A landmark arms control treaty that president Ronald Reagan and Soviet leader Mikhail Gorbachev signed three decades ago is dead, prompting fears of a new global arms race.
The US and Russia both formally withdrew from the Intermediate-Range Nuclear Forces (INF) treaty on Friday.
Last year, President Donald Trump announced his decision to pull out from the INF, which has been described as a cornerstone of global security, accusing Russia of violating it by developing a new short-range missile, which Moscow denies.
Under the treaty, neither side was allowed any surface-launched missile that had a range of between 500 and 5,500 km (310–3,420 miles).
If the US and Russia choose not to extend or replace the larger New Strategic Arms Reduction Treaty (START) when it expires in early 2021, there will be no legally binding limits on the world's two largest nuclear arsenals for the first time in nearly a half-century.
The Trump administration says it can now counter Russia - and China - without the constraints of the treaty.
The US has complained for years of an unfair playing field - that Russia was developing weapons that violated the treaty and China, which was not a signatory, was developing similar weapons.
Watch: on 8 December 1987, US President Ronald Reagan and Soviet leader Mikhail Gorbachev signed the INF Treaty in Washington D.C.
The Russian foreign ministry says the US has made a "serious mistake" in formally withdrawing from the INF treaty.
A statement posted on the ministry's website accused the US of spreading "disinformation" about alleged Russian violations in order to "free itself" from the treaty's restrictions.
"Renouncing the INF Treaty confirms that the US is set on a course towards destroying all international agreements that do not suit it for one reason or another," the ministry said.
The statement urged the US to refrain from deploying any new missiles of the kind mentioned in the treaty, and expressed a readiness to maintain dialogue on "restoring trust and strengthening international security".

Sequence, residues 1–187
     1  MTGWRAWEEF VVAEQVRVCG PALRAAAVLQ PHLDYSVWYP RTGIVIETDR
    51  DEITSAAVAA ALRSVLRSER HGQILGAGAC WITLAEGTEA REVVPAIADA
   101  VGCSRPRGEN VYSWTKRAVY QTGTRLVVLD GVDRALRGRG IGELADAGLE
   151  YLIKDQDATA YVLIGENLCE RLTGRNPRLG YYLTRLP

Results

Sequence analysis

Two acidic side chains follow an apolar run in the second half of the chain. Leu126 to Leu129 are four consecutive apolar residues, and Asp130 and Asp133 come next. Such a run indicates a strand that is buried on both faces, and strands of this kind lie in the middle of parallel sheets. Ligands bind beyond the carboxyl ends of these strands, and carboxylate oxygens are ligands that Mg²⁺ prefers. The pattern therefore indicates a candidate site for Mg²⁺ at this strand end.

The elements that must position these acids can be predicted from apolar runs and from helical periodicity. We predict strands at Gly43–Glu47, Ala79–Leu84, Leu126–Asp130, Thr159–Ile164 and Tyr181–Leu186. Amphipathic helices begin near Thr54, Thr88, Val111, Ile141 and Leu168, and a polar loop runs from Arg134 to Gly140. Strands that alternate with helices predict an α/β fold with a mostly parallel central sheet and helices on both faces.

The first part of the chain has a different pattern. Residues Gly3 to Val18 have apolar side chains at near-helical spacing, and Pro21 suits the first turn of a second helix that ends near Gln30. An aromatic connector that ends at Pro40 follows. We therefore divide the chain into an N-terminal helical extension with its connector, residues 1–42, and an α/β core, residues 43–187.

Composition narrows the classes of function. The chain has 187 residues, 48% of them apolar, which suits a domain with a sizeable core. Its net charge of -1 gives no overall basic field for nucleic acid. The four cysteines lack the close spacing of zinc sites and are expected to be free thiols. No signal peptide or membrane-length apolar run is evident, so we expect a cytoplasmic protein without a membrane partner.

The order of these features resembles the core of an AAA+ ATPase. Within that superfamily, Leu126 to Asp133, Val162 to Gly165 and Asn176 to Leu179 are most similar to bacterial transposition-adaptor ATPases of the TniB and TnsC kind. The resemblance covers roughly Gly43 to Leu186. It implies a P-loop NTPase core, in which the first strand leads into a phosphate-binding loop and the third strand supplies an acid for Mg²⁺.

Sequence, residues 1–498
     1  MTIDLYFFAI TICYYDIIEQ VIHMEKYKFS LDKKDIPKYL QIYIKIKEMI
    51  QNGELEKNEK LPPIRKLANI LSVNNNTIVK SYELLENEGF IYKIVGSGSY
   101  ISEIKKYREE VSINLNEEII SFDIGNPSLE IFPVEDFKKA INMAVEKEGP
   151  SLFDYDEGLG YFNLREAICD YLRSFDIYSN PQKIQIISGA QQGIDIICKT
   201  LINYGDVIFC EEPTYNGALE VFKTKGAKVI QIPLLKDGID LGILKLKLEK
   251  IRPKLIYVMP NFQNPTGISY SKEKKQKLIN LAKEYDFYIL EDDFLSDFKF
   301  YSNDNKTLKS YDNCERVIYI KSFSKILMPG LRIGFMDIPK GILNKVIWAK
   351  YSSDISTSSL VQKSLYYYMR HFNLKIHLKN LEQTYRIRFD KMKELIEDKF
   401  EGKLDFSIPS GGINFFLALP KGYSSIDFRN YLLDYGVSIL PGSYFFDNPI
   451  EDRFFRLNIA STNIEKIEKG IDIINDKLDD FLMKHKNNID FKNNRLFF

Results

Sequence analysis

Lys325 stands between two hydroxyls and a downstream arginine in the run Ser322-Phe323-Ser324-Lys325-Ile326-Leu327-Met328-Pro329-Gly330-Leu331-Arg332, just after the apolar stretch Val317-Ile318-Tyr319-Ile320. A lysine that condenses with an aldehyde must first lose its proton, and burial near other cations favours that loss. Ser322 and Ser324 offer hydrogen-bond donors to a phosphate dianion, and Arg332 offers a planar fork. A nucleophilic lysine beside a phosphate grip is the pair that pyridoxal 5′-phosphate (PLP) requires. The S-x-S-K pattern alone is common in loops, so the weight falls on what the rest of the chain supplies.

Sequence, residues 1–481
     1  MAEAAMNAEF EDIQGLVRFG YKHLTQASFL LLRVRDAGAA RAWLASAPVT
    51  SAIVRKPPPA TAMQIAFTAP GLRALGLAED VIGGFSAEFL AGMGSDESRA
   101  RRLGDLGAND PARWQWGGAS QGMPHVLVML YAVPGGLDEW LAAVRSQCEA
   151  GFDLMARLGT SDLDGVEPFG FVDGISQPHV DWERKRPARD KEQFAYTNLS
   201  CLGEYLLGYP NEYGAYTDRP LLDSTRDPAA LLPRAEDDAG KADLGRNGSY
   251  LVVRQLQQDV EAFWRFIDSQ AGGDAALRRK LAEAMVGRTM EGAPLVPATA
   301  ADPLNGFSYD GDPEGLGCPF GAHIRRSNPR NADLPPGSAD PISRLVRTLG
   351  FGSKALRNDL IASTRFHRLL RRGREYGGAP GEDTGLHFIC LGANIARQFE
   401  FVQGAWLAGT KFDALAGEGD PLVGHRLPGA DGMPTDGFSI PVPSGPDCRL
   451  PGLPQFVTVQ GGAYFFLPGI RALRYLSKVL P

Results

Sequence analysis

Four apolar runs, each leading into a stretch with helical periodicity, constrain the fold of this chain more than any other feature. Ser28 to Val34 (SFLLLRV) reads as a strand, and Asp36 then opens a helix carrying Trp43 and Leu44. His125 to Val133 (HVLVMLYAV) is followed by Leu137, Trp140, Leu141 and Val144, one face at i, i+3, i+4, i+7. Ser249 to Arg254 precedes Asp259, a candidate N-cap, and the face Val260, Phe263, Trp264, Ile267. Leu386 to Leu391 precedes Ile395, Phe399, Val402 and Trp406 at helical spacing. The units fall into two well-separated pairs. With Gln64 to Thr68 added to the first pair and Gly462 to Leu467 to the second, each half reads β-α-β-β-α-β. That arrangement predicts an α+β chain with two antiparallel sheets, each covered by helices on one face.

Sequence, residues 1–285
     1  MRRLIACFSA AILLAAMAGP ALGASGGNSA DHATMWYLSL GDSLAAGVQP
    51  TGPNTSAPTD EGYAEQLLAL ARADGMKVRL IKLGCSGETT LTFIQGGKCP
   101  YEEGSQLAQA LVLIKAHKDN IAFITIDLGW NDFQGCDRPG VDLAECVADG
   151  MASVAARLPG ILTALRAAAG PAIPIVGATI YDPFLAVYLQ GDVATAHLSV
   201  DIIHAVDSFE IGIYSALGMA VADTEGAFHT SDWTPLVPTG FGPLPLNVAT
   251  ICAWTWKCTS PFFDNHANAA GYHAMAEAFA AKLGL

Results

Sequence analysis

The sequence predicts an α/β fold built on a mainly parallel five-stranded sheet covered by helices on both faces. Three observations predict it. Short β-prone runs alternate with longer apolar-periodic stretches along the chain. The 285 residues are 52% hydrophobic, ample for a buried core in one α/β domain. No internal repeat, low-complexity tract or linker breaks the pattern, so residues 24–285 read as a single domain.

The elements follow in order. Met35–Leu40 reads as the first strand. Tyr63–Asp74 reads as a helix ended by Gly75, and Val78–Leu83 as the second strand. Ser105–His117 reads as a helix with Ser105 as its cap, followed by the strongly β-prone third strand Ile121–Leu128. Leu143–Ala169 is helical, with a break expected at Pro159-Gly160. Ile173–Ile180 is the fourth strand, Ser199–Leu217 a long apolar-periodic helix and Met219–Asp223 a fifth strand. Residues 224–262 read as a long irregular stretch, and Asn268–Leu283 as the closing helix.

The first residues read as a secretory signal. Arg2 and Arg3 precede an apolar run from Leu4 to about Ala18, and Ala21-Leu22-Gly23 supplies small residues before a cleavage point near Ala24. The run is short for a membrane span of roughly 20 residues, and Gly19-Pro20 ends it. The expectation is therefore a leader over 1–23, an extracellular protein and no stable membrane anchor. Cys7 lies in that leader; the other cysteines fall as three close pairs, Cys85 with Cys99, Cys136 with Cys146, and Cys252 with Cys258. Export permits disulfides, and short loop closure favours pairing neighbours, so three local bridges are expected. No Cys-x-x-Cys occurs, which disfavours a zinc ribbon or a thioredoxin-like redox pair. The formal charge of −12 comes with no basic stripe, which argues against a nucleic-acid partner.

A NATO spokesperson has said that "Russia bears sole responsibility for the demise of the Treaty": "We regret that Russia has shown no willingness and taken no demonstrable steps to return to compliance with its international obligations.
"A situation whereby the United States fully abides by the Treaty, and Russia does not, is not sustainable.
"NATO will respond in a measured and responsible way to the significant risks posed by the Russian 9M729 missile to Allied security.
"We have agreed a balanced, coordinated and defensive package of measures to ensure NATO's deterrence and defence posture remains credible and effective."
President Donald Trump has not committed to extending or replacing New START, which imposed limits starting in 2018 on the number of US and Russian long-range nuclear warheads and launchers.
Mr Trump has called New START "just another bad deal" made by the Obama administration, and his national security adviser John Bolton said in June that it was unlikely the administration would agree to extend the treaty for five years, which could be done without legislative action in either capital.
The Trump administration thinks talks about extending New START are premature.
The administration claims that with China's growing arsenal of nuclear warheads, Beijing can no longer be excluded from nuclear arms control agreements.
Mr Trump has expressed a desire to negotiate a trilateral arms control deal signed by the US, Russia and China.
"We'll see what happens," he told reporters at the White House on Thursday.
"I will say Russia would like to do something on a nuclear treaty and that's OK with me. They'd like to do something and so would I."